Tuesday, April 10, 2012

I think foodie-ism is not really about food

At Easter dinner, an interesting discussion cropped up. It started by someone asking why in the world someone would want to collect first-edition books, because wasn't the value of the book solely in the words printed therein, and therefore an electronic version of a landmark book was every bit as valuable as a first edition? And from there we somehow got onto a subject very often discussed by the family: food.

I've said before: I'm not a foodie. If by foodie we mean someone who considers herself an aficionado of certain (or all) types of gourmet food. While the definition of what we mean by "gourmet food" has changed over the last fifty years, as people become interested (or obsessed) with the provenance and nutritional effects of food, it's still pretty much the same impulse: to set yourself apart by gaining a commanding knowledge of and refined taste for expensive grub.

At least that's my opinion. The other people in the family no doubt feel they're interested in the provenance and nutritional value of food because they care about their health and that of the planet. And yeah, I get that. Some foods are better for you than others, and some foods are raised in more sustainable ways.

But what irks me are the lengths people go to to control these aspects. It isn't enough to, say, shop at Whole Foods or some other store (and let's not make this about Whole Foods) because you feel they do a pretty good job of assessing these issues of provenance, nutrition and sustainability and making the decisions for shoppers (in my opinion, that's their job, and why should I do it if they're already doing it?).

No, one must educate oneself about these issues and make choices for oneself, ultimately becoming one's one purveyor, buying directly from ranchers you've met personally who can provide a detailed description of the life of that cow from conception through slaughtering and continuing onward until the side of beef is at rest in your personal $10,000 top-of-the-line freezer. One must go to farmers markets, not just shopping if you please, but engaging the farmer (not his or her worker, but the grower herself, and god help her if she doesn't have dirt under her fingernails) as to the location of their plot, the methods they used to raise their vegetables, the things they put on the plants and the things they refrained from putting on; the conditions for workers on the farm; the Ph of the soil; and every other possible bit of information. And so on, ad degustandam.

Foodies would say that this attention to detail makes them more healthy, and encourages farmers to raise food in ways they approve of: "sustainably," "organically," and so on -- supposedly the twin goals of foodie-ism.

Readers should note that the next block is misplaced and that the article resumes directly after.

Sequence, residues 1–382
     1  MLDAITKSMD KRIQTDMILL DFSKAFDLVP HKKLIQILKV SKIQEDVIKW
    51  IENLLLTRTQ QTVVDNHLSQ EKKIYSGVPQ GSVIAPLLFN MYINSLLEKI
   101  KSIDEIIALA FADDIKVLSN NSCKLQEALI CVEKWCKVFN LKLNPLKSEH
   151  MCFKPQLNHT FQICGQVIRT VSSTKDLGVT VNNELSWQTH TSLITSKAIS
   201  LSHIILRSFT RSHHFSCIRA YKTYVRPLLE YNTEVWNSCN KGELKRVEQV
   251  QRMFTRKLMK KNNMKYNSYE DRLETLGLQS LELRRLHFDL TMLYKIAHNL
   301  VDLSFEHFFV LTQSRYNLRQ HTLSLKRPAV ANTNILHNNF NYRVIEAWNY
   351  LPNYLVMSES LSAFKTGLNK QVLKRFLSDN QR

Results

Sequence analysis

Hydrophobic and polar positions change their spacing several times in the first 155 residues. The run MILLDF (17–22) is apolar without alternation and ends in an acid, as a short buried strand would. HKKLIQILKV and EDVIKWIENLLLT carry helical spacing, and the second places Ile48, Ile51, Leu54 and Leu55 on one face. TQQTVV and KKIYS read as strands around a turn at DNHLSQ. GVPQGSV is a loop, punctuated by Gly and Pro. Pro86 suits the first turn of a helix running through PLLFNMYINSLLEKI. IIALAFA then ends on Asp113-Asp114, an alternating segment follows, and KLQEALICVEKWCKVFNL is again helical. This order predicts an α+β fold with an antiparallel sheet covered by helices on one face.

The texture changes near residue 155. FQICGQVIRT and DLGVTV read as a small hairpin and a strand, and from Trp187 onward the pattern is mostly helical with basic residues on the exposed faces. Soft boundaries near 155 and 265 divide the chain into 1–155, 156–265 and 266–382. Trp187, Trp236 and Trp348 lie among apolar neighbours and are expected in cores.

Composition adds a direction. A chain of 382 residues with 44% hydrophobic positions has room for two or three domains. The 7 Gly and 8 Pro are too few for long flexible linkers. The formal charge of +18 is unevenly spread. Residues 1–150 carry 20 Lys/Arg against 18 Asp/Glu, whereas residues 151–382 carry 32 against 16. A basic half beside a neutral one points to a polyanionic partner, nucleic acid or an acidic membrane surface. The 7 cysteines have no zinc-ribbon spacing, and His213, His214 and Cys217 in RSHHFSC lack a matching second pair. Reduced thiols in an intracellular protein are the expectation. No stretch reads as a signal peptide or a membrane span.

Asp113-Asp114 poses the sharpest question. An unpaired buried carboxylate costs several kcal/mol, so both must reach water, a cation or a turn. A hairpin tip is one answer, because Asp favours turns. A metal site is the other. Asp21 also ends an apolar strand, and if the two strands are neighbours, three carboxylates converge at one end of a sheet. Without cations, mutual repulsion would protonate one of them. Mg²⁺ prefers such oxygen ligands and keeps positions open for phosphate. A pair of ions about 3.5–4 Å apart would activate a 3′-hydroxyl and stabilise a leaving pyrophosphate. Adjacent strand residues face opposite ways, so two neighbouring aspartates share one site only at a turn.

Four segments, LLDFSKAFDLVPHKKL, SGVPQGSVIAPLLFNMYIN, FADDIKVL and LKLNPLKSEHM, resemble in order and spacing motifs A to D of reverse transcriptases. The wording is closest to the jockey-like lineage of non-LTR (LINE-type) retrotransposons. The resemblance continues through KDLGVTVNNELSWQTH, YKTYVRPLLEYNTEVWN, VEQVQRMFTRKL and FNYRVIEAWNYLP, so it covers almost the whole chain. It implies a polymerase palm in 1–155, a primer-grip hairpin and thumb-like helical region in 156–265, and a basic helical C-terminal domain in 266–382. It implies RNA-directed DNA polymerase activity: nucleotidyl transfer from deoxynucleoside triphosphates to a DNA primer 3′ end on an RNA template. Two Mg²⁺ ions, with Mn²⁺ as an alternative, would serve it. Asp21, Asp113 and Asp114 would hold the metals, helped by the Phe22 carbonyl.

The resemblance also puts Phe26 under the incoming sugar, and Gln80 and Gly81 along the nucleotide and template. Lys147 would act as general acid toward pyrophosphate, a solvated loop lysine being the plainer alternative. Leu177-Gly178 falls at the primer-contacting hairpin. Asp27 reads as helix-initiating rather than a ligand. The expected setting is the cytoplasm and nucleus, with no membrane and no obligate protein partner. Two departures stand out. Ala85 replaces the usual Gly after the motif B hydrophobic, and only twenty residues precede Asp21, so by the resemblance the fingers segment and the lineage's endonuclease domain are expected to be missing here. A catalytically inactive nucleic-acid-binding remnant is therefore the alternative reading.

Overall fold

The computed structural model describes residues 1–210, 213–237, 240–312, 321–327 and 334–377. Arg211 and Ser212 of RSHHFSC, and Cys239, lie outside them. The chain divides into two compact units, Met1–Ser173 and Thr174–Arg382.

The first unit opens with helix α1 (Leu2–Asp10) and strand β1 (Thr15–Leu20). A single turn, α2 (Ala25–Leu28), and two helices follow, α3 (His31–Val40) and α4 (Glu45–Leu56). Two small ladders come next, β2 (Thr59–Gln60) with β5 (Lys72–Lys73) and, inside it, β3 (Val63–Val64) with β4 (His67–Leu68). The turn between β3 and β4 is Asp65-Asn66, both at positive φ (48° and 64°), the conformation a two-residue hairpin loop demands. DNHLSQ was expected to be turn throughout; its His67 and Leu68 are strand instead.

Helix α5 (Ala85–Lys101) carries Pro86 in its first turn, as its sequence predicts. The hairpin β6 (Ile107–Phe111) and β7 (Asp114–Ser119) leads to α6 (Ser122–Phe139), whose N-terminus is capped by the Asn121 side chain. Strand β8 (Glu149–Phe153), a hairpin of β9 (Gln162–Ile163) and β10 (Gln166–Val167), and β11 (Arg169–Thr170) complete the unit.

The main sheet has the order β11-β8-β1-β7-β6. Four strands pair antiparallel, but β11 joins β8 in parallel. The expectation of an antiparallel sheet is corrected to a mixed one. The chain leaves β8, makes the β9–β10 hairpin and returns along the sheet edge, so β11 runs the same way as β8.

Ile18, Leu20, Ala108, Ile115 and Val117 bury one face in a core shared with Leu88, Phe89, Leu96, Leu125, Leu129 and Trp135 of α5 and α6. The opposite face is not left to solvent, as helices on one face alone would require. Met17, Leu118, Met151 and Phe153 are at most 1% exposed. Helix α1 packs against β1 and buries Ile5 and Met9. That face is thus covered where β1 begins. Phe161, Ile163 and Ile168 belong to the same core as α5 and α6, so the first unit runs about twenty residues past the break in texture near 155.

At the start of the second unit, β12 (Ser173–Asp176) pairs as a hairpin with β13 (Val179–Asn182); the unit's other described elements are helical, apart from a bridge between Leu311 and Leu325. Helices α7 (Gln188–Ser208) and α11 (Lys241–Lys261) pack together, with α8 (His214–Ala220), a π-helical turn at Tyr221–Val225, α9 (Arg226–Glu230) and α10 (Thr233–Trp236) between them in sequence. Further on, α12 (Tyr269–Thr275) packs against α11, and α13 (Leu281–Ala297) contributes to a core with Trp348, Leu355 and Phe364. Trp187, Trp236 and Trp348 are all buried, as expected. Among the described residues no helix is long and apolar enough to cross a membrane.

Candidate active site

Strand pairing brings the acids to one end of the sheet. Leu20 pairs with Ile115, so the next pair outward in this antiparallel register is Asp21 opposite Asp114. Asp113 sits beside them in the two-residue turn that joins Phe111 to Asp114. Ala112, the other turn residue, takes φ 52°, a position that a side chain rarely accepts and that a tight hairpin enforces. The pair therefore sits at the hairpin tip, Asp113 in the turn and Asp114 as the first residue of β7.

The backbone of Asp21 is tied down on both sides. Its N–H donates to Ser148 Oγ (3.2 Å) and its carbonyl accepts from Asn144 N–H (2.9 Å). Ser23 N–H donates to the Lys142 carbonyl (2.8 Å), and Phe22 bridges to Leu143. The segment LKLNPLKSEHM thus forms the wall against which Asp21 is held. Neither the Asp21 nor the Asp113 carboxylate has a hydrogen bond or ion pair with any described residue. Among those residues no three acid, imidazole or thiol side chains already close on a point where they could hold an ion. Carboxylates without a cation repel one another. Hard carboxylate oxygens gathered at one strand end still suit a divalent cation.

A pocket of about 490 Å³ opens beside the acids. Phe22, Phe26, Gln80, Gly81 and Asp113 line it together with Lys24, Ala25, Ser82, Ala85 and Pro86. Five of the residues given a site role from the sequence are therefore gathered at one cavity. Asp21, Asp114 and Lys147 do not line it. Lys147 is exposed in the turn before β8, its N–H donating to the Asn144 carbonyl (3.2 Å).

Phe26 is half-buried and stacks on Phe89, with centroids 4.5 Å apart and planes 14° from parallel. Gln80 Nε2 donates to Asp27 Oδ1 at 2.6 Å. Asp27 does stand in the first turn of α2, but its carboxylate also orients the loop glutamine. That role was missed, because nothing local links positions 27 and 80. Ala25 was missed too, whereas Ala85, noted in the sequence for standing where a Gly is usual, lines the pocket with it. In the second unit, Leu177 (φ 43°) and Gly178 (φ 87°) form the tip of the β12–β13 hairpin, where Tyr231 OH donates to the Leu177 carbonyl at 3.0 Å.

My question is: Is this really about health and well-being of oneself and the earth? Or is this really about fear, and control, and trying to stave off death?

I think that no matter how healthfully I eat, I will eventually die. In fact, I seriously doubt that making every single correct choice, when it comes to what I eat for the rest of my life, will extend my life more than a year or two. Set aside the likelihood of me dying in an accident or from a communicable disease, because I realize most people still die of heart disease and cancer. In my case, I think cancer is more likely, as my father (who worked for 40 years in oil and chemical refineries, albeit in the office while wearing a white shirt and tie) died of brain cancer in his mid-70s, and I lived from ages 1 to 6 in one of those oil refineries. It hasn't killed me yet, so maybe it's not going to; but I have had the exposure, for what it was worth. Can what I eat affect that?

And more to the point: Can I, by jumping through hoops to ensure the correct provenance of my hamburger, rather than noshing at Burger King and Taco Bell as I do at least once a month, affect anything? Yes, it's probably worse to eat Burger King every day than to eat ecologically blessed beef three times a week. But if I only have to make the choice twice a month, and I choose Burger King every time, is that really going to kill me? I kind of doubt it.

Of course, by choosing Burger King I'm missing out on the sense of virtue, the feeling of control, the feeling of being part of a dietary and ecological elite that my other family members are enjoying. But I don't think that feeling extends your life either.

My mother, who died six months ago, lived til 90. She wasn't in bad health until the last five years. She also smoked heavily for 50 years, ate crappy American food with hardly a fresh vegetable for most of her life, and exercised fairly little after age 25. If she had lived a "more healthy" lifestyle, would she have lived til 95? Maybe so, and maybe she would have preferred it to dying. But 90 years is already a long time. On the other hand, Herman Wouk just sold a novel at age 96. (Wouk is the perfect example of the kind of mid-century realist who's out of style now, but "The Caine Mutiny" is a crackerjack book. Dare you to read it and be bored.) If I'm still writing at 90, or 96, or 106, maybe I will wish I had been more finicky about hamburger. But if I last that long, I have the feeling that the 2010's fad of near-worship of food will, at best, seem like a pretty amusing piece of nostalgia.

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